model for screening, brief intervention, and referral to treatment (SBIRT) that adopts
the best practices of motivational interviewing is an effective way to determine the level of care
that is appropriate for each client.15 The use of screening models like SBIRT should not be
confused with the practice of drug testing. The testing of a pregnant patients’ blood, saliva, or
urine for licit and illicit substances as a form of surveillance or as a tool for providing evidence of
criminal conduct, child abuse, child endangerment, or criminal neglect undermines the trust
between patients and providers and is contrary to professional ethics.12
It must also be noted that the negative consequences associated with perinatal substance use
are disproportionately born by non-white perinatal patients even though evidence supports the
notion that rates of use are similar across racial classifications.16 The assumption that universal
screening or surveillance can remedy those disparities is not supported by the evidence.17
www.nationalperinatal.org
Current research and practice has found that when parents partner in their prenatal care with
supportive and knowledgeable staff, receive coordinated care to address the negative
consequences of their substance use, and are able to room-in with their infant after delivery,
the parent-infant bond is preserved and outcomes are better.18, 19 Examples of potentially
better practices are programs where pregnant people with a perinatal substance use disorder
can receive both their prenatal care and substance use treatment in the same health care clinic
or inpatient facility. Research is ongoing as to the efficacy of these models.
Position:
Pregnant and parenting patients with Substance Use Disorders have the same needs as any
other pregnant and parenting client. They also have needs that are specific to their substance
use. The National Perinatal Association supports comprehensive treatment programs for
pregnant and parenting people with perinatal substance use disorder. Such programs must
incorporate gender-specific, developmentally-appropriate, trauma-informed care. It is essential
to work from a Harm Reduction model, promoting “Any Positive Change” as determined by the
client, including plans ranging from abstinence, to decreased use, to safer use. Client
abandonment in the case of continued use is unacceptable. Options for treatment should
include, at minimum, Medication-Assisted Treatment (MAT), group and/or individual
counseling, crisis intervention, overdose prevention, mental health assessment and treatment,
dental care, parenting classes and support, and social services such as housing, employment
assistance, and WIC.1, 3, 8, 20
In order to continue improvement in perinatal outcomes, NPA encourages ongoing research
regarding rooming-in practices for parents and infants in the postpartum period and access to
health care clinics that provide prenatal and substance use treatment in one setting.
The threats of discrimination, incarceration, loss of parental rights, and loss of personal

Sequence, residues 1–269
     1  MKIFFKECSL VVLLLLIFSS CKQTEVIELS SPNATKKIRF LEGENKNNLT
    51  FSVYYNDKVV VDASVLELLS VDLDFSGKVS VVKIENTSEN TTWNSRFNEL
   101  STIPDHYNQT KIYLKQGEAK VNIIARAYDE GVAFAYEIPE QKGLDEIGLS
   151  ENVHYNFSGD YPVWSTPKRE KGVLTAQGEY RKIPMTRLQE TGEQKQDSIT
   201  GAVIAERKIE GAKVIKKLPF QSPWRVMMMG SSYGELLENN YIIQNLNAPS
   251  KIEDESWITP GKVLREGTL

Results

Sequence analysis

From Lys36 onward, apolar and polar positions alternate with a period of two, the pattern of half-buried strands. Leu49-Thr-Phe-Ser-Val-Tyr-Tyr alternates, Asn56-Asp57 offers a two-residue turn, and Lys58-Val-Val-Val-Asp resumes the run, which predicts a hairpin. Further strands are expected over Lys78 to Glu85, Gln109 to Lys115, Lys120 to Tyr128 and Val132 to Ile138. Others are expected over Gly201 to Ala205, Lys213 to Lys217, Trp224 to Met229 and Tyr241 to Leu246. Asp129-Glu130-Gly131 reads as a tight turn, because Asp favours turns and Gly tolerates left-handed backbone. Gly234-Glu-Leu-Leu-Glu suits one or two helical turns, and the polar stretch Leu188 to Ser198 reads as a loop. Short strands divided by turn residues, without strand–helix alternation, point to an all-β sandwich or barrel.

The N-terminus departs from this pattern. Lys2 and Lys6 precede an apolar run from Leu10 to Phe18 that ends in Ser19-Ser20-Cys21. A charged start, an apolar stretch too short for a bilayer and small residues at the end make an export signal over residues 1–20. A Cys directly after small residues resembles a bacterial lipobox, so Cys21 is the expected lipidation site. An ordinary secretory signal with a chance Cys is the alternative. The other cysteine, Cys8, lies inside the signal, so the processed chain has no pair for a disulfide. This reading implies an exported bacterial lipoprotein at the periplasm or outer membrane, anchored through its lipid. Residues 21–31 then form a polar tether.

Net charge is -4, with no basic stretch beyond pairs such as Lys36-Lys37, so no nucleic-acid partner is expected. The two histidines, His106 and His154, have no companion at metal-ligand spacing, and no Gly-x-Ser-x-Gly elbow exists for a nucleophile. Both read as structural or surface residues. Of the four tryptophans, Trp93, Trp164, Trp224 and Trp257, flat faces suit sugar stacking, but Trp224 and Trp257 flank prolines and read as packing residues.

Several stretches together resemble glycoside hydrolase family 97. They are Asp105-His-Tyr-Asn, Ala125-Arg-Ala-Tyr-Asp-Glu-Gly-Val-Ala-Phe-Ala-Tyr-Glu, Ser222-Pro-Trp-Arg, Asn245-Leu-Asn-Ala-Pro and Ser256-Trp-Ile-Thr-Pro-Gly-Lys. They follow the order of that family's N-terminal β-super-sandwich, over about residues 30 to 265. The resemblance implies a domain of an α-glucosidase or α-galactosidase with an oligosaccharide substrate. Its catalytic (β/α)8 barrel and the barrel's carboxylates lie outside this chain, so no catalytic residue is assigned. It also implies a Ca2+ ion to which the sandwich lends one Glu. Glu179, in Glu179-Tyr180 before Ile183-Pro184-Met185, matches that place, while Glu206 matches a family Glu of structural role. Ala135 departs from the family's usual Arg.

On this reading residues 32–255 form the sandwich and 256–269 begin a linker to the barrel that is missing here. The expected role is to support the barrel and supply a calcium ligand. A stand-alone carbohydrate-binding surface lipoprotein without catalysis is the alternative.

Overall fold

autonomy are powerful deterrents to seeking appropriate perinatal care.21 Perinatal providers
promote better practices when they adopt language, attitudes, and behaviors that reduce
stigma and promote honest and open communication about perinatal substance use.
The National Perinatal Association opposes any legal measures that involve the criminal justice
system for drug use during pregnancy. Any statute which criminalizes substance use during
pregnancy is inherently discriminatory in addition to being counterproductive to the goal of
improving maternal and neonatal outcomes.20 Criminalization and incarceration are ineffective
and harmful to the health of the pregnant person and their infant.8 The child welfare system is
overwhelmed, and in too many cases, cannot provide appropriate support to either parents who
are adjudicated neglectful because of perinatal substance use or to their children.22
The National Perinatal Association supports full funding for treatment services, prenatal care,
and counseling to support clients in their safer use, recovery, and/or sobriety. Medicaid and
insurance companies must be committed to serving this population with evidence-based
individual and public health approaches. It is imperative that perinatal substance use disorder
be viewed as a health care issue comparable to other disease processes that have genetic,
environmental, socioeconomic, clinical, and behavioral components.15, 23

Summary:

NPA encourages all health care providers and partners to discuss substance use during
pregnancy with their clients and to support screening discussions and referral to appropriate
treatment programs in a timely manner. NPA supports fully-funded health care clinics that care
for those with perinatal substance use disorder as an effective solution to this crisis. NPA
believes that criminal and civil-legal interventions are not effective and opposes their use with
this uniquely vulnerable population.
References:
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Replaces: Substance Abuse among Pregnant Women, 2012
Originated: Erika Goyer, BA; Bernadette Hoppe, Esq, JD,
MA, MPH; Cheryl Milford, EdS; Joelle Puccio, BSN, RN
September 2017